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Math Help - Eigenvectors of recursive set of similarity transformations

  1. #1
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    Eigenvectors of recursive set of similarity transformations

    Hi!

    I need some help with the following:
    Consider the sequence
    A_{1} = A \\<br />
A_{2} = P ^{-1}_{1} A_{1} P_{1} \\<br />
A_{3} = P ^{-1}_{2} A_{2} P_{2}  \\<br />
.  \\<br />
. \\<br />
. ... \\ <br />
A_{k+1} = P ^{-1}_{k} A_{k} P_{k} .

    1) Write an expression for the eigenvectors of A_{k+1} using the eigenvectors of A_{k}. Then use this to write an expression for the eigenvectors of A_{k} using the matrices P_{1},..., P_{k-1}, and the eigenvectors of A_{1} = A.

    I am completely lost and have no idea where to start. Any pointing me in the right direction would be greatly appreciated!

    j

    edit: I can't get line breaks to work in the above code...(?)
    Last edited by Jodles; October 27th 2009 at 02:00 AM. Reason: troubles with linebreaks in latex code
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  2. #2
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    Quote Originally Posted by Jodles View Post
    Hi!

    I need some help with the following:
    Consider the sequence
    A_{1} = A \\<br />
A_{2} = P ^{-1}_{1} A_{1} P_{1} \\<br />
A_{3} = P ^{-1}_{2} A_{2} P_{2} \\<br />
. \\<br />
. \\<br />
. ... \\ <br />
A_{k+1} = P ^{-1}_{k} A_{k} P_{k} .

    1) Write an expression for the eigenvectors of A_{k+1} using the eigenvectors of A_{k}. Then use this to write an expression for the eigenvectors of A_{k} using the matrices P_{1},..., P_{k-1}, and the eigenvectors of A_{1} = A.

    I am completely lost and have no idea where to start. Any pointing me in the right direction would be greatly appreciated!

    j

    edit: I can't get line breaks to work in the above code...(?)

    \mbox {If v is an eigenvector of } A_k \mbox{ with eigenvalue }\lambda \,,\,\, then\; A_kv = \lambda v. \mbox { As P is invertible } \exists u\in V\; s.t.\; Pu=v , and so:

    A_{k+1}(u)=P_k^{-1}A_kP_k(u)=P_k^{-1}A_k(v)=P_k^{-1}(\lambda v)=\lambda P_k^{-1}v=\lambda u

    Try to take it from here now.

    Tonio
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  3. #3
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    Tonio, thank you! You saved my day!

    Here's my take on the second part ("Write an expression for the eigenvectors of A_{k} using the matrices P_{1},..., P_{k-1}, and the eigenvectors of A_{1} = A).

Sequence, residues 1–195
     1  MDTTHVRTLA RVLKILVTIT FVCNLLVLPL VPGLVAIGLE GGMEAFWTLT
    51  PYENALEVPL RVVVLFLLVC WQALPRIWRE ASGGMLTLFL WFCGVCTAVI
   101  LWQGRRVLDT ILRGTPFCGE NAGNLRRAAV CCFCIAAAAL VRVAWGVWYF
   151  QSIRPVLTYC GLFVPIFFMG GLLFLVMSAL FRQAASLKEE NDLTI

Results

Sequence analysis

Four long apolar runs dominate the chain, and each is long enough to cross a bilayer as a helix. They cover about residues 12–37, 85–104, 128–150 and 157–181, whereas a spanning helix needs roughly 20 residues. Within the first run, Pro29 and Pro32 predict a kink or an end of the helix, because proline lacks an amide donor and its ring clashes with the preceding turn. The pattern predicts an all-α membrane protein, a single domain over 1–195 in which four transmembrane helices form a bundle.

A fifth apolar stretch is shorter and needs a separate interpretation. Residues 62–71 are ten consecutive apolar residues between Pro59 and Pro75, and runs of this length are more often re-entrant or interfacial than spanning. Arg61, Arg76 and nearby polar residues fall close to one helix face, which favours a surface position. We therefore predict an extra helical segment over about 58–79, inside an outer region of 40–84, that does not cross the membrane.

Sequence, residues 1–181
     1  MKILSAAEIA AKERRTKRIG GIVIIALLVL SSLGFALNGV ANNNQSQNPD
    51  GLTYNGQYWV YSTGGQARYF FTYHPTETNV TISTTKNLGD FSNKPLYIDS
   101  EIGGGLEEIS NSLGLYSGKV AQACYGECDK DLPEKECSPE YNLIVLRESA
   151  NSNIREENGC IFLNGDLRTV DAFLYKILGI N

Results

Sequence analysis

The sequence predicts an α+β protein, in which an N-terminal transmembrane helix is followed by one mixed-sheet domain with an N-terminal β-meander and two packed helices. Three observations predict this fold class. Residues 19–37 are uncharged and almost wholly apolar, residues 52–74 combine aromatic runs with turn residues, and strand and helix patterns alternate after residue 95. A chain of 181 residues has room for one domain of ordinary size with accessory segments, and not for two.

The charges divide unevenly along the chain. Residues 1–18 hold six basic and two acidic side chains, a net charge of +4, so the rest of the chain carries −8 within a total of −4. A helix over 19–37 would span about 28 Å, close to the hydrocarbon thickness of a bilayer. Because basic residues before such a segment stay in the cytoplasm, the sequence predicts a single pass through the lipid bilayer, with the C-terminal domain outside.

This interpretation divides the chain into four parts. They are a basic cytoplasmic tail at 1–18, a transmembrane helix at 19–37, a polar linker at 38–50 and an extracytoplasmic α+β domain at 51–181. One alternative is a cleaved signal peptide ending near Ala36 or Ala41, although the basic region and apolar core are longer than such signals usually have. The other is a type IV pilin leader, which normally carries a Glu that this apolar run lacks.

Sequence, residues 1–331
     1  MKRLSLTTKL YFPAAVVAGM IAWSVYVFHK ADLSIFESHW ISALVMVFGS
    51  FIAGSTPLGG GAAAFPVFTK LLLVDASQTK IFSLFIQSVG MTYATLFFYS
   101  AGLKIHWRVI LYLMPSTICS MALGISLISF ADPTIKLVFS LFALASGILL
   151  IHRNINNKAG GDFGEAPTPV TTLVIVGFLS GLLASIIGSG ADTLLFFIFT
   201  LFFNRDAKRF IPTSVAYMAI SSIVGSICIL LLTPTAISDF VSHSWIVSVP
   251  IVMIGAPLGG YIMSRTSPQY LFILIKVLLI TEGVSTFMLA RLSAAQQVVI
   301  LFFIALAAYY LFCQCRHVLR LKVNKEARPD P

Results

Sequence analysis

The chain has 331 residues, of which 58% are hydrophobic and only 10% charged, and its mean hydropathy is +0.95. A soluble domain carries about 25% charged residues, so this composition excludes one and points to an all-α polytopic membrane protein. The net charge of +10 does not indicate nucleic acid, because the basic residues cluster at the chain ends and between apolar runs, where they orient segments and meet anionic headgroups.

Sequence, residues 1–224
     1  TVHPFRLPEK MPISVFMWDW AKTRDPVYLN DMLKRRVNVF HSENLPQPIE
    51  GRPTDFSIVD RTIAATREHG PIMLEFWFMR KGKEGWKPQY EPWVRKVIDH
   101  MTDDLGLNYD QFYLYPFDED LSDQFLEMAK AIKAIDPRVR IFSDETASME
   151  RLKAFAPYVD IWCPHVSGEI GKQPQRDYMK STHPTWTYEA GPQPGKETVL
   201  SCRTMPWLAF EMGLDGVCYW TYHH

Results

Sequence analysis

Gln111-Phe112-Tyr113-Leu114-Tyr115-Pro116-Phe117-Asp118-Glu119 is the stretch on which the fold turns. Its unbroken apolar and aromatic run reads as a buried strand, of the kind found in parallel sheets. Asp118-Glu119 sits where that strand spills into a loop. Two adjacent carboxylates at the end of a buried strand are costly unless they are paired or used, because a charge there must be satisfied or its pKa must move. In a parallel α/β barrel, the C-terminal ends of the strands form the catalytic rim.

(I'm using v_k and v_{k+1} instead of v and u, respectively.)

    From the first part we now have: v_{k+1} = P_k^{-1} v_k. Obviously v_k would be v_k = P_{k-1}^{-1} v_{k-1} (1) ,
    and further:
    v_{k-1} = P_{k-2}^{-1} v_{k-2}
    v_{k-2} = P_{k-3}^{-1} v_{k-3}
    ... and so on...

    Inserted into (1), we get:
    v_k = P_{k-1}^{-1} P_{k-2}^{-1}P_{k-3}^{-1} v_{k-3}

    Thus a pattern evolves:
    v_k = P_{k-1}^{-1} \cdot P_{k-2}^{-1} \cdot ... \cdot P_{1}^{-1} v_{1} (2)
    where v_1 is the eigenvector of A_1 = A, i.e. Av_1 = \lambda v_1

    Does that look somewhat alright? Something I've missed? Or better ways to write it? (especially (2))...

    J
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  4. #4
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    Quote Originally Posted by Jodles View Post
    Tonio, thank you! You saved my day!

    Here's my take on the second part ("Write an expression for the eigenvectors of A_{k} using the matrices P_{1},..., P_{k-1}, and the eigenvectors of A_{1} = A).

    (I'm using v_k and v_{k+1} instead of v and u, respectively.)

    From the first part we now have: v_{k+1} = P_k^{-1} v_k. Obviously v_k would be v_k = P_{k-1}^{-1} v_{k-1} (1) ,
    and further:
    v_{k-1} = P_{k-2}^{-1} v_{k-2}
    v_{k-2} = P_{k-3}^{-1} v_{k-3}
    ... and so on...

    Inserted into (1), we get:
    v_k = P_{k-1}^{-1} P_{k-2}^{-1}P_{k-3}^{-1} v_{k-3}

    Thus a pattern evolves:
    v_k = P_{k-1}^{-1} \cdot P_{k-2}^{-1} \cdot ... \cdot P_{1}^{-1} v_{1} (2)
    where v_1 is the eigenvector of A_1 = A, i.e. Av_1 = \lambda v_1

    Does that look somewhat alright? Something I've missed? Or better ways to write it? (especially (2))...

    J

    Looks fine to me though all those indexes get me dizzy. I'd do a specific example with k= 2 or 3 and see if we get the correct pattern.

    Tonio
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  5. #5
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    Hehe, alright! Thanks again!

    All the best,
    Joachim
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